With so many fascinating stories that make up our world history, it’s no surprise that there are almost too many options when it comes to choosing the right book. This list of fantastic history books will hopefully inspire you to get it just right this Christmas. From the extraordinary nurses of the past to the history of the hot air balloon to slave narratives, these history books are full of great stories.
Celebrating the amazing efforts of eight notable nurses, collected in honour of Florence Nightingale’s 200th birthday. This fascinating and insightful exposition of the lives and achievements of notable nurses will appeal to those with an interest in the history of nursing and is invaluable when studying how nursing has evolved throughout the ages.
This fascinating book explores the role that Rasputin played in the downfall of the Russian Empire and the revolution of 1917. Grigori Yefimovich Rasputin (1869 – 1916) was a Russian mystic and holy man famous for his familiarity with the family of Tsar Nicholas II. He garnered significant influence in late imperial Russia. He was assassinated by a group of conservative noblemen who opposed his influence over the Tsars in 1916.
Beginning with the weird and wonderful early attempts at flight, such as the Benedictine monk who launched himself off Malmesbury Abbey, this book illustrates the history of the earliest and most majestic of aviation technologies, the balloon.
A carefully-selected collection of famous, influential and moving American slave narratives from a variety of authors including Solomon Northup’s “Twelve Years a Slave”, which was adapted into the 2013 blockbuster film of the same name. These compelling, inspirational, and often harrowing real-life stories offer a unique insight into the travails of slave life in nineteenth-century America and are highly recommended for those with an interest in this dark chapter of American history.
Considered Collingwood’s best work. Originally collated from numerous sources following his death by a student of his, T. M. Knox. It became a major inspiration for philosophy of history in the western world and is extensively cited to his day. This fascinating volume on history and its relationship to philosophy will appeal to students and collectors of vintage philosophical works alike.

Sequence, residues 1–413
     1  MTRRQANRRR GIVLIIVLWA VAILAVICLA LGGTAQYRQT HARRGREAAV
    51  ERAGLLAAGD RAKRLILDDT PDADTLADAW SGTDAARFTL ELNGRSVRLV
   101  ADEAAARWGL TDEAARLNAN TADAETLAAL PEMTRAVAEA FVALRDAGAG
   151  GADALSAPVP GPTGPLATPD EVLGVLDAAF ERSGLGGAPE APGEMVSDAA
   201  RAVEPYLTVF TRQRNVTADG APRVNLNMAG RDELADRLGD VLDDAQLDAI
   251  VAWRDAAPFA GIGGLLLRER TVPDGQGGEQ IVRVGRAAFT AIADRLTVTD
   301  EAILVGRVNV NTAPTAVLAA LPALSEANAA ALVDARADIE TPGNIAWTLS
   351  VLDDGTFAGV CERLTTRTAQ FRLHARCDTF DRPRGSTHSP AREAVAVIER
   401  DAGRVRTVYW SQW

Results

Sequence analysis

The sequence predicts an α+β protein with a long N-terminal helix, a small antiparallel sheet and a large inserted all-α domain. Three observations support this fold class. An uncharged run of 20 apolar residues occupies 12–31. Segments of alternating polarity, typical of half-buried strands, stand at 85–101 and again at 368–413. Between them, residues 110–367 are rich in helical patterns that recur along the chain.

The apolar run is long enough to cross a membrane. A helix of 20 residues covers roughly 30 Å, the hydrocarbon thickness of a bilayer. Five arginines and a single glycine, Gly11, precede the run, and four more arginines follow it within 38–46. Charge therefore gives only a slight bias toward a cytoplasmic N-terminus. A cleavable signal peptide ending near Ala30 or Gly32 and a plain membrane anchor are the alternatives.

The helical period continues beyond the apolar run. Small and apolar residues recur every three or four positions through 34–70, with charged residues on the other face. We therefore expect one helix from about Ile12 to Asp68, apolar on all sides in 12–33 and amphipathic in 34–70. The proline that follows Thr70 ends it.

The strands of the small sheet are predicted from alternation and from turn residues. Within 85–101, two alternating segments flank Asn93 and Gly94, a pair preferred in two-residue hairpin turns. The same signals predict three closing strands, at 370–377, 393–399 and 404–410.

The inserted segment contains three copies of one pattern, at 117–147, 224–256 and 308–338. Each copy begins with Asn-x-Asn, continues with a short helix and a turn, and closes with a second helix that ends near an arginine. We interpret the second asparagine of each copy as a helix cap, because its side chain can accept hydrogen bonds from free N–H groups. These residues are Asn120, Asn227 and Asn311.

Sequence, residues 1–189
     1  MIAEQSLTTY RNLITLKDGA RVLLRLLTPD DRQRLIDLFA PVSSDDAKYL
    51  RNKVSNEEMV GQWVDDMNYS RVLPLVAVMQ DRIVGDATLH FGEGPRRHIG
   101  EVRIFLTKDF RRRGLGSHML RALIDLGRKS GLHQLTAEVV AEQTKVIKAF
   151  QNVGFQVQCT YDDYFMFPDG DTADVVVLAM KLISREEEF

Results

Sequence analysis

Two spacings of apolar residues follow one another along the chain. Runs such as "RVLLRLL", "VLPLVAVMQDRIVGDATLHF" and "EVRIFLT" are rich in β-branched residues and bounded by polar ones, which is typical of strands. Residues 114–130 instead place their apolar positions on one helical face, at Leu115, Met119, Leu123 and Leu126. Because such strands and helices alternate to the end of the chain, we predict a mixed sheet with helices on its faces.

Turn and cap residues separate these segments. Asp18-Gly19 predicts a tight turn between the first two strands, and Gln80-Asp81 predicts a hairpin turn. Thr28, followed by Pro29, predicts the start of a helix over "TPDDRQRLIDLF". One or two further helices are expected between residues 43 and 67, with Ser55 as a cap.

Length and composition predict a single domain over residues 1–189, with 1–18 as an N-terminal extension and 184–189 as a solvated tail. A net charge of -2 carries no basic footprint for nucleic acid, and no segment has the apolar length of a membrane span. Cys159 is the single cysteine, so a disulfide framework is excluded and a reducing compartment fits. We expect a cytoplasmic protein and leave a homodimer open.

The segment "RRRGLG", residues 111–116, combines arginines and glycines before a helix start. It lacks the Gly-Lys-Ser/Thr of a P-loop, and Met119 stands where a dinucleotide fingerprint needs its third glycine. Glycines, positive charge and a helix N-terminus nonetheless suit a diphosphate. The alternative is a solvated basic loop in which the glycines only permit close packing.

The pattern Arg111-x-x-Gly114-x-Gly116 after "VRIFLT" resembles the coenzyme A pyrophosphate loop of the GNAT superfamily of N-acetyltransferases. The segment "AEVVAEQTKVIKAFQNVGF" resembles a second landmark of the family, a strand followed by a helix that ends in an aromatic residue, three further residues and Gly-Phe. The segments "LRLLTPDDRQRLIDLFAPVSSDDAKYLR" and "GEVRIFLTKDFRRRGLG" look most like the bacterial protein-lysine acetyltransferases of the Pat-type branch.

Written shortly after the Norman conquest, Monmouth’s “Histories of the Kings of Britain” attempted to create, for the British people, a national epic. In this seminal volume, he constructed a mythical history for Britain through the retelling of traditional tales, in particular stories of King Lear and King Arthur.
A 1903 work by Russian anarchist Peter Kropotkin. A classic of anarchist literature this volume will appeal to those with an interest in anarchy-communism and social science in general.
A detailed account of the end of the Romanov Dynasty. The House of Romanov was the second ruling Russian dynasty after the House of Rurik, reigning from 1613 until the Russian Revolution in 1917. The Romanov dynasty had 65 members at the start of 1917. By the end of it, 18 had been killed by the Bolsheviks while the remaining 47 had gone into exile abroad. With an account of the events leading up to this famous moment in history as well as testimonials of eye-witnesses, this volume provides a unique and fascinating insight into the Russian Revolution.
Mary Antin’s 1912 autobiography, which tells the story of her early life in what is now Belarus and her immigration to the United States in 1894. Antin describes her public school education and assimilation into American culture, as well as life for Jews in Czarist Russia.
This book was written and published after Keynes attended the Versailles Conference as a British delegate, where he argued for a more generous peace settlement. This book, containing his thoughts apropos this subject, became a best-seller throughout the world and was pivotal in engendering a public opinion that the Versailles Treaty was a “Carthaginian peace”.